IP in IP Tunneling
RFC 1853

Document Type RFC - Informational (October 1995; No errata)
Last updated 2013-03-02
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Network Working Group                                         W. Simpson
Request for Comments: 1853                                    Daydreamer
Category: Informational                                     October 1995

                           IP in IP Tunneling

Status of this Memo

   This memo provides information for the Internet community.  It does
   not specify an Internet standard.  Distribution of this memo is
   unlimited.

IESG Note:

   Note that this memo is an individual effort of the author.  This
   document reflects a current informal practice in the internet.  There
   is an effort underway within the IETF Mobile-IP Working Group to
   provide an appropriate proposed standard to address this issue.

Abstract

   This document discusses implementation techniques for using IP
   Protocol/Payload number 4 Encapsulation for tunneling with IP
   Security and other protocols.

Table of Contents

     1.     Introduction ..........................................    2

     2.     Encapsulation .........................................    3

     3.     Tunnel Management .....................................    5
        3.1       Tunnel MTU Discovery ............................    5
        3.2       Congestion ......................................    6
        3.3       Routing Failures ................................    6
        3.4       Other ICMP Messages .............................    6

     SECURITY CONSIDERATIONS ......................................    7
     REFERENCES ...................................................    7
     ACKNOWLEDGEMENTS .............................................    8
     AUTHOR'S ADDRESS .............................................    8

Simpson                      Informational                      [Page 1]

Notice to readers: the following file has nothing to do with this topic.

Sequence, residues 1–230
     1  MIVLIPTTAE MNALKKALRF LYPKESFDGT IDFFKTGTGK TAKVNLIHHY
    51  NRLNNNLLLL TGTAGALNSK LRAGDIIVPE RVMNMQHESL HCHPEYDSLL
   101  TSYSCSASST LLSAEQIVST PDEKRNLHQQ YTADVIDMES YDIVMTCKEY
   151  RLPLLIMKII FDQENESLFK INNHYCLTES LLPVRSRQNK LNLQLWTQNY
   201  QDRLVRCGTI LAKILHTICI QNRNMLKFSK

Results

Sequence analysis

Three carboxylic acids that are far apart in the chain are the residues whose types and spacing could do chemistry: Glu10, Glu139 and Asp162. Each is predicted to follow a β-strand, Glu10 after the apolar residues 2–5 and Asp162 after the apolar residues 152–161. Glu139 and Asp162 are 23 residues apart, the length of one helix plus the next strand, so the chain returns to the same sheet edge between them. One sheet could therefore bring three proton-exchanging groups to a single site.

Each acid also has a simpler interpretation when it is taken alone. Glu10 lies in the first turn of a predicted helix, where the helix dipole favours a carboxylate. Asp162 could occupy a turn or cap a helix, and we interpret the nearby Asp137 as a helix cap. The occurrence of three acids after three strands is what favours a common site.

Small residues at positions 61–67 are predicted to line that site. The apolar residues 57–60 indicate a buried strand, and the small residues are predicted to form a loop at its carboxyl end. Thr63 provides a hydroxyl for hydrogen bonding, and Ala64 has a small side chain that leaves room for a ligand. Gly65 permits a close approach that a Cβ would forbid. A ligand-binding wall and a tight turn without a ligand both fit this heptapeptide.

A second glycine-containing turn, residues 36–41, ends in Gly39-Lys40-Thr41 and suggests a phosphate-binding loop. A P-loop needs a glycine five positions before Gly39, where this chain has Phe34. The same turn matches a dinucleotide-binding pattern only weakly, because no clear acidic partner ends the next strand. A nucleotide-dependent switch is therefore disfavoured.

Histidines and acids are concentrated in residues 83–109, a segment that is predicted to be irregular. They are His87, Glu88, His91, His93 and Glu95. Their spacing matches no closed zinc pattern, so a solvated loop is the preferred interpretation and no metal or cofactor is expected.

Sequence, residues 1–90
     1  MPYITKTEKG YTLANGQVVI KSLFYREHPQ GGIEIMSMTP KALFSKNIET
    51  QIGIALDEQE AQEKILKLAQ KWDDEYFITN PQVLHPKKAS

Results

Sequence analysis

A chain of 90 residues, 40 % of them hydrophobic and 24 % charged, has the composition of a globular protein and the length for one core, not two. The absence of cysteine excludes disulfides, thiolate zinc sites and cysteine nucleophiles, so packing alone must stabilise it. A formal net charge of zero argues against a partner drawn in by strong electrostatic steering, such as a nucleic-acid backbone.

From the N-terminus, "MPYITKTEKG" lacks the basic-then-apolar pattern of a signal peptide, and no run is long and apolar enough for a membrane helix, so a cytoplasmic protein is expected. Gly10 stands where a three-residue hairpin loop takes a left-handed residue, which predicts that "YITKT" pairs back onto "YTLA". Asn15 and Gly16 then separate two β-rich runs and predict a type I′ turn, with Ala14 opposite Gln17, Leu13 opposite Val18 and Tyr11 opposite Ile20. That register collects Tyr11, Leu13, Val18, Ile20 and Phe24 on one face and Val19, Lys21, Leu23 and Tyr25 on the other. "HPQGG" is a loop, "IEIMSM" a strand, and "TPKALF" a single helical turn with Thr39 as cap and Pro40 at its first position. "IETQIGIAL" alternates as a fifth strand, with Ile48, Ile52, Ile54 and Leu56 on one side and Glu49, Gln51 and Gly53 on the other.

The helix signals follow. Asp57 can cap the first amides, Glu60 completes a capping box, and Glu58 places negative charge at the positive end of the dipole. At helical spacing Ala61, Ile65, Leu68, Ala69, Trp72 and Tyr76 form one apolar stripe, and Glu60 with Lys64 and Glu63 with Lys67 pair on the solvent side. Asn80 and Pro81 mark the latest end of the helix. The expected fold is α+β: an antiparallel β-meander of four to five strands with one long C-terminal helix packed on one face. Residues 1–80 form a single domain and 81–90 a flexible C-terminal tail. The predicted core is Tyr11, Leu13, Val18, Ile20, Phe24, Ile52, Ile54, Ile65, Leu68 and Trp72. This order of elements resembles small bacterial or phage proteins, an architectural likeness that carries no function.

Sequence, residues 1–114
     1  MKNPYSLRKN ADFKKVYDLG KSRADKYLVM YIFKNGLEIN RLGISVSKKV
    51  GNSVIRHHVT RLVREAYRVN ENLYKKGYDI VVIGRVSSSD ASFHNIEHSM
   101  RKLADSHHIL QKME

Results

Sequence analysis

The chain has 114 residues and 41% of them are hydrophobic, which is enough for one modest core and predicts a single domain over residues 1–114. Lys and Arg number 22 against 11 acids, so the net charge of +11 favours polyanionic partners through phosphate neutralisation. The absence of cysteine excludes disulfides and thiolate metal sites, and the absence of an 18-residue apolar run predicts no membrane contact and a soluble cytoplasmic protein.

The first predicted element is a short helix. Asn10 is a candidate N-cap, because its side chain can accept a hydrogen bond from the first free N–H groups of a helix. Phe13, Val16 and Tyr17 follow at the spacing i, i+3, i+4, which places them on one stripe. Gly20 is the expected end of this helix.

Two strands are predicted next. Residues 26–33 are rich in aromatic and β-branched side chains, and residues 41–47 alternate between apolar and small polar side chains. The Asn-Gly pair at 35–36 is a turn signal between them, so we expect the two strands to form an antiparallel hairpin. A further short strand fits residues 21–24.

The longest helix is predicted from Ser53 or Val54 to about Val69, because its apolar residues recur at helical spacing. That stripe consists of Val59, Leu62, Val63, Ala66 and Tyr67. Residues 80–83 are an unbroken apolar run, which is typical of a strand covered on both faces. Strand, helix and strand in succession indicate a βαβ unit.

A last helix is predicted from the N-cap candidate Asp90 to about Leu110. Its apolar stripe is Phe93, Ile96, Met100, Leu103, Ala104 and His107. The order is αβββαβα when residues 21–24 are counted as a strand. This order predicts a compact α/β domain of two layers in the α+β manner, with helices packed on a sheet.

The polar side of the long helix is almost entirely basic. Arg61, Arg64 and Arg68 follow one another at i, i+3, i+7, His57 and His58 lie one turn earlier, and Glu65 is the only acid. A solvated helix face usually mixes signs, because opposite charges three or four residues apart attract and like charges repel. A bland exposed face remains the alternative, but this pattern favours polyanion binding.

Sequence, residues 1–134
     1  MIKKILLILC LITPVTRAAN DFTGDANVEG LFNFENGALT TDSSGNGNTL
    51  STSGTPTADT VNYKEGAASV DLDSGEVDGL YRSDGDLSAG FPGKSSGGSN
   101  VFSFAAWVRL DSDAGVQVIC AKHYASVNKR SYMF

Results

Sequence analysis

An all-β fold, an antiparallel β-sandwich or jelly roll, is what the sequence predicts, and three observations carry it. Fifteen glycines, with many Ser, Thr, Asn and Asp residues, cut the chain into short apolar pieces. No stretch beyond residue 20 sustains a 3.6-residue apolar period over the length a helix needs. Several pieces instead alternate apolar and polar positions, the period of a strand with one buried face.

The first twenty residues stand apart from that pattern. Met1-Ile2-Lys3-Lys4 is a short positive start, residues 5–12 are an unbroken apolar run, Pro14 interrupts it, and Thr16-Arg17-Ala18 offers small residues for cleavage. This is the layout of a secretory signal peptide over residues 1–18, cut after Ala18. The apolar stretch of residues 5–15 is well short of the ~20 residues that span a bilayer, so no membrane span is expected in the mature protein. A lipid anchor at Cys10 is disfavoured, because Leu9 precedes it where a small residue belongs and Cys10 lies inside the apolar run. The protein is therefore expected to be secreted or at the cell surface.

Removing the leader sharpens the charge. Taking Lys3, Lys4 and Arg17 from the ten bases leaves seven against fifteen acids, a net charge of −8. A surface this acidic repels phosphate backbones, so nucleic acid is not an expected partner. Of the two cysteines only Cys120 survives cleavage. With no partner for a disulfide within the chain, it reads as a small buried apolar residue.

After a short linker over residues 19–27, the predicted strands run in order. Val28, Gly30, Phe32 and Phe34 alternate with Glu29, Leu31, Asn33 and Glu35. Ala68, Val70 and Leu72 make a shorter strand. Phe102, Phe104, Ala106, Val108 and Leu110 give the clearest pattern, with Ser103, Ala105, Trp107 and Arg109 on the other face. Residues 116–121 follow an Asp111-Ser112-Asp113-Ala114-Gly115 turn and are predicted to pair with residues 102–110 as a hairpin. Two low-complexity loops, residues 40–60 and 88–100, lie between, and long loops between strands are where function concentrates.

RFC 1853                     IP Tunnelling                  October 1995

1.  Introduction

   The IP in IP encapsulation Protocol/Payload number 4 [RFC-1700] has
   long been used to bridge portions of the Internet which have disjoint
   capabilities or policies.  This document describes implementation
   techniques used for many years by the Amateur Packet Radio network
   for joining a large mobile network, and also by early implementations
   of IP Security protocols.

   Use of IP in IP encapsulation differs from later tunneling techniques
   (for example, protocol numbers 98 [RFC-1241], 94 [IDM91a], 53
   [swIPe], and 47 [RFC-1701]) in that it does not insert its own
   special glue header between IP headers.  Instead, the original
   unadorned IP Header is retained, and simply wrapped in another
   standard IP header.

   This information applies principally to encapsulation of IP version
   4.  Other IP versions will be described in separate documents.

Simpson                      Informational                      [Page 2]
RFC 1853                     IP Tunnelling                  October 1995

2.  Encapsulation

   The encapsulation technique is fairly simple.  An outer IP header is
   added before the original IP header.  Between them are any other
   headers for the path, such as security headers specific to the tunnel
   configuration.

   The outer IP header Source and Destination identify the "endpoints"
   of the tunnel.  The inner IP header Source and Destination identify
   the original sender and recipient of the datagram.

   Each header chains to the next using IP Protocol values [RFC-1700].

                                          +---------------------------+
                                          |      Outer IP Header      |
                                          +---------------------------+
                                          |      Tunnel Headers       |
      +---------------------------+       +---------------------------+
      |         IP Header         |       |      Inner IP Header      |
      +---------------------------+ ====> +---------------------------+
      |                           |       |                           |
      |         IP Payload        |       |         IP Payload        |
      |                           |       |                           |
      +---------------------------+       +---------------------------+

   The format of IP headers is described in [RFC-791].

   Type Of Service  copied from the inner IP header.  Optionally,
                    another TOS may be used between cooperating peers.

                    This is in keeping with the transparency principle
                    that if the user was expecting a given level of
                    service, then the tunnel should provide the same
                    service.  However, some tunnels may be constructed
                    specifically to provide a different level of service
                    as a matter of policy.

   Identification   A new number is generated for each outer IP header.

                    The encapsulated datagram may have already been
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